Big Ideas

Paul J. Hergenrother, Ph.D.

Most cells have a limited life span and eventually die of old age triggered by an internal death signal. But cancer cells don’t respond to this death signal.  Sometimes, the activation of the death signal is blocked. V Foundation funded scientist Dr. Paul Hergenrother’s and his team at University of Illinois at Urbana-Champaign  (UIUC) identified a molecule called PAC-1 which activates the death signal. They found that by combining PAC-1 with existing chemotherapeutics makes the drugs more effective. Breast cancer is a type of cancer that seems to be particularly susceptible to this PAC-1 – chemo drug combination.

Success Story 1Dr. Hergenrother was awarded a Designated Grant in 2013 and used this grant to identify several particularly effective PAC-1 drug combinations. They decided to focus in on the PAC 1-doxorubin combination for further study.

Interestingly, pet dogs have become man’s best friend in yet another way. In a research approach sometimes called Canine Comparative Oncology, treatment of cancers in pet dogs is providing valuable insights into new drug development for human patients. Dr. Hergenrother’s lab group has investigated the PAC-1- Doxorubicin combination in pet dogs with naturally-occurring cancer with metastases to the lung, similar to those observed in human breast cancer.

In an exciting recent result, a pet dog that was treated with PAC-1 + Doxorubicin had a measurable decrease in its lung metastases upon two cycles of this therapy. This is extremely exciting as metastatic cancer in canines is very difficult to treat. These outcomes with pet dogs have opened the possibility of using this combination in a new phase 1 clinical trial in human cancer patients with metastatic breast cancer. These discussions are on-going, and may result in a new trial in 2017.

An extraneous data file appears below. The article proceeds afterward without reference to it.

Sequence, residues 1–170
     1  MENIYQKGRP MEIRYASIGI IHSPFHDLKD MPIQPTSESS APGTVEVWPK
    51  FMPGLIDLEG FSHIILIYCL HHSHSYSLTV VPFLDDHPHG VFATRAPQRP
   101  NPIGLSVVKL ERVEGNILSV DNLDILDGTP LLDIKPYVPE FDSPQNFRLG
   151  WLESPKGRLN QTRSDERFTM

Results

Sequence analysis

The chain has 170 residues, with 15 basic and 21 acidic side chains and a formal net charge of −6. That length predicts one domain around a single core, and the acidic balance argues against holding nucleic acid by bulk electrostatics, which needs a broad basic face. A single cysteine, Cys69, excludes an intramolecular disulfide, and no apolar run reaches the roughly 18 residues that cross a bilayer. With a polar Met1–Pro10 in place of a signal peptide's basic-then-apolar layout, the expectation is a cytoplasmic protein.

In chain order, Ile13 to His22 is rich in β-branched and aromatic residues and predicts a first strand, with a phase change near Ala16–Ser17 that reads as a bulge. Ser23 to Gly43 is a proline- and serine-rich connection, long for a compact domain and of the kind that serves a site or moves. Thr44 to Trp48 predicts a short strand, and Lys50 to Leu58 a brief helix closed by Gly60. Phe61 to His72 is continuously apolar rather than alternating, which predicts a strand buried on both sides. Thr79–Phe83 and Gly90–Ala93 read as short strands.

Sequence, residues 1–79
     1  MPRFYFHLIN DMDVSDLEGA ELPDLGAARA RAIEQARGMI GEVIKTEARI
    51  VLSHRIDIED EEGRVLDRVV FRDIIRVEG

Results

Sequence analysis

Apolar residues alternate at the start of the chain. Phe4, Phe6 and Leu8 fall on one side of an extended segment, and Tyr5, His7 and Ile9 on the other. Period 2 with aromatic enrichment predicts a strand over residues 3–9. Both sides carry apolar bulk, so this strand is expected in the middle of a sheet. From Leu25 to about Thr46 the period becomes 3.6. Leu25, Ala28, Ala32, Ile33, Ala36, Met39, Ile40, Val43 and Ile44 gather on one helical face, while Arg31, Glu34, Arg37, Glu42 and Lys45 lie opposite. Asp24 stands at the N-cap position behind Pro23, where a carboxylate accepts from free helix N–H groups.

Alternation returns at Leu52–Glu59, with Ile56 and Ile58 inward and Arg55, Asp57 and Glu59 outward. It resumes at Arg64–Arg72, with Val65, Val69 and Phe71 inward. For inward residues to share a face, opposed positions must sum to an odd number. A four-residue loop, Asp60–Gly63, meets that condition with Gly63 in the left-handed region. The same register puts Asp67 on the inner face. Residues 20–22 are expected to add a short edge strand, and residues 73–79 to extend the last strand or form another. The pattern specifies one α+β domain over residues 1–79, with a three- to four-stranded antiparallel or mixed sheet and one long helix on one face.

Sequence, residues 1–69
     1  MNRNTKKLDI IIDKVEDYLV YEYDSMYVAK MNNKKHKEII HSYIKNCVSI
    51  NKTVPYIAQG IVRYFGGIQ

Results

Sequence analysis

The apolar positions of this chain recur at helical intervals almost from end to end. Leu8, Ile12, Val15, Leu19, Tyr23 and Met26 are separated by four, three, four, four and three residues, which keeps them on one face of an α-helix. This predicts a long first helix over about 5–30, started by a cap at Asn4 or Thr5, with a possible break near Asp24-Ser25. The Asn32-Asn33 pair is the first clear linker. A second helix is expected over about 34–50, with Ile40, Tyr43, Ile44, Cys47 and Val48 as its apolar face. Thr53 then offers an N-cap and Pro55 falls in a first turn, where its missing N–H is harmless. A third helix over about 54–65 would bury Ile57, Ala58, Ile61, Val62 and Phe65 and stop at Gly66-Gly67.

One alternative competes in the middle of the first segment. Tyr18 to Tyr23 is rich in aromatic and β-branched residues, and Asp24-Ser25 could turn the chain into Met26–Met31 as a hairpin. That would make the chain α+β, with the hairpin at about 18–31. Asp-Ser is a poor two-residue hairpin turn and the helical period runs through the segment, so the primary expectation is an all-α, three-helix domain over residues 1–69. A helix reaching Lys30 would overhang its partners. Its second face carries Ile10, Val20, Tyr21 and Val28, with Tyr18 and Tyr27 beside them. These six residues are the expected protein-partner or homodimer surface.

Many new anti-cancer compounds appear promising when initial studies are done in mice, but then fail when these results cannot be replicated when tested in humans. The mice model is often not the ideal model. New collaborative research efforts between veterinarians as they treat their canine patients may provide much better model data for human cancers and lead to quicker identification of the most promising molecules. Because companion animals like dogs are often afflicted with cancers that are similar at the genetic level to human cancers, respond to therapeutics similarly to humans, are exposed to the same toxins and have metastatic disease like humans, drug candidates effective in these pets with cancer may be more likely to also be efficacious against the human disease.

Dr. Hergenrother, in collaboration with veterinarian Dr. Tim Fan, a Professor in the department of Veterinary Clinical Medicine at UIUC, has evaluated PAC-1/drug combinations in over 50 pet dogs with lymphoma, metastatic osteosarcoma and meningioma. The promising results of their work resulted in submission of a new Investigational New Drug (IND) application to the FDA, and founding of a start-up company called Vanquish Oncology. The FDA approved the IND, and the Phase I clinical trial of PAC-1 in human cancer patients is on-going at the University of Illinois Cancer Center in Chicago and at the Sidney Kimmel Cancer Center at Johns Hopkins.  Please see this link on clinicaltrials.gov for more information.